A twist ending suggests far more than what is laid out—a moment of potential that recedes as a historical footnote into the past? Or a society so decayed that “resurrection” is not possible?
First appeared in The Magazine of Fantasy and Science Fiction, December 1966, ed. Edward L. Ferman
(Howard Purcell’s cover for The Magazine of Fantasy and Science Fiction, December 1966)
“Day Million” (1966), short story by Frederik Pohl, 4/5 (Good): Here’s a story that would have shocked readers back in 1966—and although you won’t be shocked now it’s hard to escape Pohl’s fascinating intentions. Told with fabulist touches that place the reader as the narrator: “On this day I want to tell you about, which will be about ten thousand years from now, there were a boy, a girl and a love story” (198). And the love story isn’t between a genetically male boy and a girl but a genetically male person (Dora) who undergoes a sex change and a boy (Don). It’s a far future awash with physical modifications. Dora decides to have the sex change because “sex had long been dissociated from reproduction” (200). And in Day Million people “did it often, on purpose, because they wanted to” (200).
I am not a scholar of gender in SF but “Day Million” should be included in any class on the topic. And Pohl’s views seem remarkably progressive (the story still feels like it was written in the 60s): “Wouldn’t we? If we find a child with an aptitude for music we give him a scholarship to Julliard. If they found a child whose attitudes were for being a woman, they made him one” (199-200). Pohl firmly argues that gender is fluid and socially constructed.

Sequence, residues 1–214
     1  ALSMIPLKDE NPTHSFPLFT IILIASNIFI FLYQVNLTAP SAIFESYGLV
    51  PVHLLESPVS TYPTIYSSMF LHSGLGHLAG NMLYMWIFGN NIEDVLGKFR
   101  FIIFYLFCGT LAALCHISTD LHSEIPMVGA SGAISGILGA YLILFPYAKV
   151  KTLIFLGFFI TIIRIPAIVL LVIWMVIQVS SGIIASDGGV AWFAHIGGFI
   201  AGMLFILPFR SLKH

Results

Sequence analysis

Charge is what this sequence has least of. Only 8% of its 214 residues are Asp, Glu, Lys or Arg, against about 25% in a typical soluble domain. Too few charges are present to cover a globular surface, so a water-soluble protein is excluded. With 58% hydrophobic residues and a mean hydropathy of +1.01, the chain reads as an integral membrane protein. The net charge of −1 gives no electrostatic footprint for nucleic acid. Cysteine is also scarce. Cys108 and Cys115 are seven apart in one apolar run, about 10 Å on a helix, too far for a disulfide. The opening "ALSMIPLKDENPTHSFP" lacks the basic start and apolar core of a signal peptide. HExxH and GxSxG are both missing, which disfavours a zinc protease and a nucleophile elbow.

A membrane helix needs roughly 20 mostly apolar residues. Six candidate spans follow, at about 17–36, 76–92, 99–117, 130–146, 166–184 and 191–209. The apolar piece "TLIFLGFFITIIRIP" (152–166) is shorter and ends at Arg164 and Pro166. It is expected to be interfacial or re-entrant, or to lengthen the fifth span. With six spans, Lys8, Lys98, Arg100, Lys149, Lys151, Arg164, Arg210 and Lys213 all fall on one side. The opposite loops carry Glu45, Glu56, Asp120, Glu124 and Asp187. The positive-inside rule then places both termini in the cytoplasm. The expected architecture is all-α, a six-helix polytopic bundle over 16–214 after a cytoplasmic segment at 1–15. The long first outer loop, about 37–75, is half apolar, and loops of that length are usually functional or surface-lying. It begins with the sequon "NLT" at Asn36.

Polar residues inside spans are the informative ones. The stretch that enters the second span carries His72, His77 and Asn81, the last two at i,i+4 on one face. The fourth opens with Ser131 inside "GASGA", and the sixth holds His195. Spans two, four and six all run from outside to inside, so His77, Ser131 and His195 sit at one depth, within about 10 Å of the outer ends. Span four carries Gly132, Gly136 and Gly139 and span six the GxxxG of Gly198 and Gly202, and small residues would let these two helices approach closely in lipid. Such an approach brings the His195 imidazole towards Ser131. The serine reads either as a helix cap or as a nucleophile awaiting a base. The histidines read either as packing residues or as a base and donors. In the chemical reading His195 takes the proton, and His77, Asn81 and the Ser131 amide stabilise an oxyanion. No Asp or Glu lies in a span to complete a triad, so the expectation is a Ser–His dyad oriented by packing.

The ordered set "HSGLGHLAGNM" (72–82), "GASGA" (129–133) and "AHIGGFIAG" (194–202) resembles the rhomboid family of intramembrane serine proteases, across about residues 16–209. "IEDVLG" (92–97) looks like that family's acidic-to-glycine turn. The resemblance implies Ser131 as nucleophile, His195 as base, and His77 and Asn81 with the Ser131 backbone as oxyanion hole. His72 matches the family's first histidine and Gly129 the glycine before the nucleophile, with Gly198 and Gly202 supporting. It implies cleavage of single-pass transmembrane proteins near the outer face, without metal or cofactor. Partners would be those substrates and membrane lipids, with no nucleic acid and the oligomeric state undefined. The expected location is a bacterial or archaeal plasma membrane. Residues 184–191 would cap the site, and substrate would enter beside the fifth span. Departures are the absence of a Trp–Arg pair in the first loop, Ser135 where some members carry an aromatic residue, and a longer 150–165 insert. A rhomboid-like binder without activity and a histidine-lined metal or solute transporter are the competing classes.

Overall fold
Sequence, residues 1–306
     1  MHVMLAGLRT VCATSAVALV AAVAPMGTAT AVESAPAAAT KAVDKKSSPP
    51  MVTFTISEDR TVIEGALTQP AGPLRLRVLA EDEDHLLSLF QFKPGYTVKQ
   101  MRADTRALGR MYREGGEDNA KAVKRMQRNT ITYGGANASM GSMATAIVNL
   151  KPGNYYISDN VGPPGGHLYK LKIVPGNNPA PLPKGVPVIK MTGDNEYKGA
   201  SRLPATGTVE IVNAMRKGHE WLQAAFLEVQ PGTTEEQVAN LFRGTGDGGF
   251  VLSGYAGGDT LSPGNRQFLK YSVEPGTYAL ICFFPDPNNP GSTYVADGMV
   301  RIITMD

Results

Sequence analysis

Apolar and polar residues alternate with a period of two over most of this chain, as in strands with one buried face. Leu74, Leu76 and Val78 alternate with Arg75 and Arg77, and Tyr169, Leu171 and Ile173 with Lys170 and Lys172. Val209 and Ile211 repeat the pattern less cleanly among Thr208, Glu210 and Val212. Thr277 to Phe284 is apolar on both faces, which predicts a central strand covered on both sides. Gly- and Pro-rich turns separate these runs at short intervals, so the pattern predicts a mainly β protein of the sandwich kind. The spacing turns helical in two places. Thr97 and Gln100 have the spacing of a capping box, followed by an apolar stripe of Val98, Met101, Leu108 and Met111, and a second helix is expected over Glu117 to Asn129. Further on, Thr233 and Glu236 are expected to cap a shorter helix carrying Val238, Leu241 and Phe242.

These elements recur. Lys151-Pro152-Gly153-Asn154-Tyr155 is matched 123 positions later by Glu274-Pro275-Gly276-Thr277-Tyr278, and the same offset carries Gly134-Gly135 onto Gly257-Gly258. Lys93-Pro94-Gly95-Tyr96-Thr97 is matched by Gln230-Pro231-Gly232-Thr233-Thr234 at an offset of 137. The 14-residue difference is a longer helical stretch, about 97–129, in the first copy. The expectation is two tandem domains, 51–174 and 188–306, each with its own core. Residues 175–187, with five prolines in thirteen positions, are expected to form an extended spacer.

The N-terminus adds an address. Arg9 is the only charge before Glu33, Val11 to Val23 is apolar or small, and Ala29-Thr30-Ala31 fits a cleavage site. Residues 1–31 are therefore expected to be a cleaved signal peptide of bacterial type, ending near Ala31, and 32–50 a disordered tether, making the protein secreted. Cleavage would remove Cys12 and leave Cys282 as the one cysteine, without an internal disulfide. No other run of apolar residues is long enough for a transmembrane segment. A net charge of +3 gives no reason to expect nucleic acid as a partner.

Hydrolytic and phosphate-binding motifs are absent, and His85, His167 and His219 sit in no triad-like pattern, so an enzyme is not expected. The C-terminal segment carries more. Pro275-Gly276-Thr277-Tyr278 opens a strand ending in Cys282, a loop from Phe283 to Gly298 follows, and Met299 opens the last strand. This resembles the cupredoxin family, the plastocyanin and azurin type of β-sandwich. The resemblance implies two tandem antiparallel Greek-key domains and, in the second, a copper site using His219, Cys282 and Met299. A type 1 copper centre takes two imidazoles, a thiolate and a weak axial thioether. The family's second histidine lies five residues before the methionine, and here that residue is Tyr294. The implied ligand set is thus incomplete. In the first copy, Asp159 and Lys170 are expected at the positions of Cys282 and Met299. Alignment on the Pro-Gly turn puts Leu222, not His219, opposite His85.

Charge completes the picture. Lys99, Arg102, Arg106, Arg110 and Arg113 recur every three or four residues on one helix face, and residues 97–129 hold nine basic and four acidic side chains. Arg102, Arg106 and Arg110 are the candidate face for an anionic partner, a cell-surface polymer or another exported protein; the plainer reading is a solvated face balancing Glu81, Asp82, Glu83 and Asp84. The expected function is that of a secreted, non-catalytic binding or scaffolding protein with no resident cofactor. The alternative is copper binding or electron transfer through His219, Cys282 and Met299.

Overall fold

First appeared in Rogue, Feb/March 1966 and SF Impulse, October 1966
“The Wings of a Bat” (1966), novelette by Pauline Ashwell (as Paul Ash), 3/5 (Bad): I find it slightly confusing why Pauline Ashwell’s story made the 1967 Nebula First ballot for best Novelette—this collection certainly includes many examples of more deserving short fictions.
Time Displacement (time travel) allows companies like the Mining and Processing Branch of Cretaceous Minerals, Inc. to exist. Little people, to save energy, are sent into the distant past to harvest important minerals. The narrator, a doctor who spends most of their time putting together a weekly newspaper (The Chalk Age Gazette), tells the story of a co-worker who brings in a sick baby pterodactyl for treatment. And it’s up the doctor, who proclaims to hate them, to attempt to feed and treat it—lengthy scenes of often hilarious attempts to impersonate a pterodactyl mother follow.
For fans of dinosaur SF only.
First appeared in Analog Science Fiction, May 1966
(John Schoenherr’s cover for Analog Science Fiction, May 1966)